Magazine article Times Educational Supplement

Don't Let Loneliness Take Hold of Students

Magazine article Times Educational Supplement

Don't Let Loneliness Take Hold of Students

Article excerpt

Whether a child is new to a school or just finds it hard to interact with others, there are plenty of ways to boost their social skills

It's lunchtime. And as any teacher who has supervised a lunch period even once knows, this is the perfect opportunity to observe the social activities of students. While on the lookout for food-throwing, roughhousing and other mischief in a room packed with children, we can also watch how the various groups interact.

After a morning of structure and regimented learning, we expect pupils to congregate together to let off steam. But although many seem keen to maintain noise levels to rival a busy airport runway, a few always stand out for their silence.

Let's take Jenny, for instance. She is the small, slight 12-year-old who reads quietly in the corner every day. She appears indifferent to the crowds and noise and rarely turns away from her book. In class she is similarly reserved, answering questions when asked but rarely volunteering. Jenny participates during group activities but would rather work alone if given the chance. She has not been diagnosed with autism or another communication disorder, her grades and behaviour are generally good and she shows no outward signs of anger or depression. It is unclear whether Jenny is a quiet child who is content to spend time on her own or whether she is someone who lacks the confidence to converse with others.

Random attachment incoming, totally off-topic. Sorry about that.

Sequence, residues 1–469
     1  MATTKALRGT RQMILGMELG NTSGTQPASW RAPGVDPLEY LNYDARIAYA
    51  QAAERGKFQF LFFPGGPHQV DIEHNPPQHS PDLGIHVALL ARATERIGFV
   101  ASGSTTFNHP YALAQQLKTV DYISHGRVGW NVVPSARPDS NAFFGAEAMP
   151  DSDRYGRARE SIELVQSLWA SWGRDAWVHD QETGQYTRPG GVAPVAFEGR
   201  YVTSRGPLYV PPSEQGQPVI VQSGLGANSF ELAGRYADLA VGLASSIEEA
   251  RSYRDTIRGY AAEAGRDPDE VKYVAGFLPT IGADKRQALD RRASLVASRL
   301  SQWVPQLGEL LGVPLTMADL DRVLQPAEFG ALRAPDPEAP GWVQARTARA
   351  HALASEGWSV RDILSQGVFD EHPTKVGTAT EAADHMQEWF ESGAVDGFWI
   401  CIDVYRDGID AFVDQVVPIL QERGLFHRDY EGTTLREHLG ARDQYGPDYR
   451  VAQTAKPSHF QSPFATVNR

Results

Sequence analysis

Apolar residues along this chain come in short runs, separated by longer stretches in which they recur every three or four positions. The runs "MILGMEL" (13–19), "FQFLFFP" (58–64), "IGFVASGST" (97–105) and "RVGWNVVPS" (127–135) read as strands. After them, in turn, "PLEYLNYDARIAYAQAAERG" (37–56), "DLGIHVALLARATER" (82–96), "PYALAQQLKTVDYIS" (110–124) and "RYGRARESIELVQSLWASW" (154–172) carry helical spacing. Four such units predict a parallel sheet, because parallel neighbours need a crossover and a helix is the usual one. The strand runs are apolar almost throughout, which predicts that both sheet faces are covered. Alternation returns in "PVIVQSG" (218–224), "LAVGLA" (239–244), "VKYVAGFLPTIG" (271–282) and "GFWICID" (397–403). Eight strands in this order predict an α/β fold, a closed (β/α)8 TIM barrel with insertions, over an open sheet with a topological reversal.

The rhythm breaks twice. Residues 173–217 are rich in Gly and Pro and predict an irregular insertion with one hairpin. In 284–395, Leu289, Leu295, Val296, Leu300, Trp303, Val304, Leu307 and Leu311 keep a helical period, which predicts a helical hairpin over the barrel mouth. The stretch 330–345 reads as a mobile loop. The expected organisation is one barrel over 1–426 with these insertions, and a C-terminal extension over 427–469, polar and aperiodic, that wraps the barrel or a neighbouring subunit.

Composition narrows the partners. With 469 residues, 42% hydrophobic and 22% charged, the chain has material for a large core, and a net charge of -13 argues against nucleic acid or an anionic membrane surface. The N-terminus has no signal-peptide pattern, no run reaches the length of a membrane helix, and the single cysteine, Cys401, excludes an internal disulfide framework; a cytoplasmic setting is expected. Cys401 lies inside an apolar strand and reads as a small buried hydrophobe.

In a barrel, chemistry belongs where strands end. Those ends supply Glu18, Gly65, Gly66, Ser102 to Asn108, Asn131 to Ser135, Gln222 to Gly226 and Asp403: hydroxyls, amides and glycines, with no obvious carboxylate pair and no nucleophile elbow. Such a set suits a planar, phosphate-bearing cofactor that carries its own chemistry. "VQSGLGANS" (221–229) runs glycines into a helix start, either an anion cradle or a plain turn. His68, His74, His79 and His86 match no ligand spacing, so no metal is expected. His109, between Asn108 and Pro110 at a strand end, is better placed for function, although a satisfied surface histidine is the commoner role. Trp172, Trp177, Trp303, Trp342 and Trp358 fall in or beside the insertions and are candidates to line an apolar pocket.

About 10 minutes into lunch break, 13-year-old Dingxiang, who prefers to be called Danny, heads into the library. His family arrived from China last summer and his limited English means he is reluctant to converse with peers. He rarely stays in the canteen for long. But on days when the library is unavailable, Danny will sit at a table with two or three equally quiet students and get started on his homework. He may develop more confidence over time as he settles in and his English improves, but he may also benefit from additional guidance.

Meanwhile, 10-year-old Brian ambles around the playground. He wanders back and forth, sometimes watching others play and sometimes lost in his thoughts. Occasionally he stops to speak to another student or attempt to join a small group, but he always continues on his way a few minutes later. Brian clearly wants to socialise and rarely experiences outright rejection. However, he does not seem to know how to connect with others.

What is your responsibility when you observe solitary students such as these? Should you intervene and, if so, how? …

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